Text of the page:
Although it is believed that the foregoing recital of features and advantages may be of use to one who is skilled in the art and who wishes to learn how to practice the invention, it will be recognized that the foregoing recital is not intended to list all of the features and advantages. Moreover, it may be noted that various embodiments of the invention may provide various combinations of the hereinbefore recited features and advantages of the invention, and that less than all of the recited features and advantages may be provided by some embodiments.
FIG. 1 is a partly cut-away elevational view of an embodiment of the invention being used to drill respective throughholes through both an intermediate obstruction and a top plate of a hollow wall.
FIG. 2 is an elevational view of a panel-protecting apparatus of the invention.
FIG. 3 is an exploded view of dual cutting head apparatus of the invention, which can be used for the hole drilling operations depicted in FIG. 1.
FIG. 4 is an axial cross-sectional view of a dual cutting head apparatus of the invention when it is drawn into perpendicular operative contact with a first obstruction. Latching mechanisms, shown in FIG. 3, have been omitted from this view in the interest of clarity of presentation.
FIG. 5 is an axial cross-sectional view of a cutting head apparatus of the invention when it is drawn into perpendicular operative contact with an obstruction.
FIG. 6 is an elevational view of a sacrificial guide member.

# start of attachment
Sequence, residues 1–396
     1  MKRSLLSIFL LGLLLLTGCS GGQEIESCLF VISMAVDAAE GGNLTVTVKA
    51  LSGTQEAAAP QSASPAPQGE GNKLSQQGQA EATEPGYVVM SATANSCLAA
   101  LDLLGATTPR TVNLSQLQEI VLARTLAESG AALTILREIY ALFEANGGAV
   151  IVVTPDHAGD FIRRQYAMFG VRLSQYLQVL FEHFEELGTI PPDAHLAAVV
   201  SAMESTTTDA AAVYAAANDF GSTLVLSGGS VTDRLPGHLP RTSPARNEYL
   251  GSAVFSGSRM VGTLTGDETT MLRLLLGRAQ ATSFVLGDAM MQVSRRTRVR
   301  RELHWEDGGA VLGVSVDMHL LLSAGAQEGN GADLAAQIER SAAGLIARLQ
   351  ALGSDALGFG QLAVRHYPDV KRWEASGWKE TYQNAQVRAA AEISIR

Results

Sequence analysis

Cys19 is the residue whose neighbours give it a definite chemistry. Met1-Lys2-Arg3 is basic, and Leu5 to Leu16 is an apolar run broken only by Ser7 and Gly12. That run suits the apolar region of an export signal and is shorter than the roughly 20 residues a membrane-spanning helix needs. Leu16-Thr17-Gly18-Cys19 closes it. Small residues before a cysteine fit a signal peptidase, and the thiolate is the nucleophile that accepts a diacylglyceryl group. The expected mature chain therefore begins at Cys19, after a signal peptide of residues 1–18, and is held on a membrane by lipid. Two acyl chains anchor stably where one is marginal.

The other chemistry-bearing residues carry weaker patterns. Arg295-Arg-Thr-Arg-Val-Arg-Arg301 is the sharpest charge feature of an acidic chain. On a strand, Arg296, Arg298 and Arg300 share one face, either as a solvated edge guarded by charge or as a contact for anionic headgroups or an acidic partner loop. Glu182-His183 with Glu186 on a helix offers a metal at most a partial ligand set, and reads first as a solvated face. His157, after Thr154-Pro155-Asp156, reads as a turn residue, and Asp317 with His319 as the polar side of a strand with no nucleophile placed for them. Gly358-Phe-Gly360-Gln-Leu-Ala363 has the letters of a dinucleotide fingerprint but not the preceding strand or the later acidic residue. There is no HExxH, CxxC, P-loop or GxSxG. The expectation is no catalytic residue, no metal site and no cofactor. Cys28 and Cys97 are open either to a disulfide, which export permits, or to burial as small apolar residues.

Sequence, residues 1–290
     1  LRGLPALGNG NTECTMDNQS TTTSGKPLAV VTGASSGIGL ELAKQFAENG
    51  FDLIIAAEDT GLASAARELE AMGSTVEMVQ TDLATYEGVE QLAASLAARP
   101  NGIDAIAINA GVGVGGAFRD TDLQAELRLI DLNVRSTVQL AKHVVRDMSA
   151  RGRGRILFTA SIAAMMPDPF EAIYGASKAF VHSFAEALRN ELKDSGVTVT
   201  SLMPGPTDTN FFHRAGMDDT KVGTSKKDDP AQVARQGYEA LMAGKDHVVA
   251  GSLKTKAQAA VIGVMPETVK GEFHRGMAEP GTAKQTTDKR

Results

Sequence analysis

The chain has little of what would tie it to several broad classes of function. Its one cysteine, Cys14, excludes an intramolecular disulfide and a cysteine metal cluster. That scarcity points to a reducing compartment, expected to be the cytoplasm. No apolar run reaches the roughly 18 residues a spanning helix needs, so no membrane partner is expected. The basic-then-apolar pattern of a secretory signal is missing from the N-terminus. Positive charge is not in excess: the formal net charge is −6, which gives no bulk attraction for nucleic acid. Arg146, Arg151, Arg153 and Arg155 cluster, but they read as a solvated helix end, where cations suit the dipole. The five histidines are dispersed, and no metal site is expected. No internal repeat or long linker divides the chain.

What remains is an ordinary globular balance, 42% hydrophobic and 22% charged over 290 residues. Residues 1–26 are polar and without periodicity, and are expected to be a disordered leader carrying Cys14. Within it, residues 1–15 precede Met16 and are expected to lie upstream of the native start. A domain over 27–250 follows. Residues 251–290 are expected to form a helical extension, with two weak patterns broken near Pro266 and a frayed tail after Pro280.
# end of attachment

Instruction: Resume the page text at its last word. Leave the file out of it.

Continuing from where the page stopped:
Turning initially to FIG. 1, one finds a depiction of a preferred embodiment of a flexible shafted shafted hole cutting arrangement 10 of the invention that has been inserted through an access hole 12 in a building panel 14 and that is being used to sequentially cut through two obstructing members 15, 16 inaccessibly located behind the building panel 14. In most cases of interest, the building panel 14 in question is a plasterboard portion of a conventional hollow wall 18 that comprises a sill 20, a plurality of studs 22, an intermediate framing member 15 of the sort required by some local construction codes as a fire-stop, and a top plate 24. In this case the sequential cutting operations involve initially cutting first through the framing member 15 that is intermediate the access hole 12 and the top plate, and then through a final obstruction 16, which may be the top plate 24. All such framing members will be described herein as being within the wall 18, even though all or part of one or more of these members is not covered on two sides by the panel - for example, the top plate of wall will be referred to as being within the wall even though a part of it may extend above an associated wallboard panel. It will be clear to persons skilled in the art, and in particular to those who have read the Crocker reference cited above, that the panel may equally well be a portion of a ceiling (not shown) and the obstructing member 16 may be a joist (not shown) instead of the depicted top plate 24. Moreover, it will also be clear that although the following discussion is presented in terms of drilling respective throughholes 26 through both a fire-stop 15 and a top plate 24 and then fishing a line through those holes, the method and apparatus of the invention are equally applicable to cutting holes in sole plates within hollow walls, or for drilling a hole in a ceiling when a worker wishes to avoid climbing up a ladder in order to directly reach the ceiling.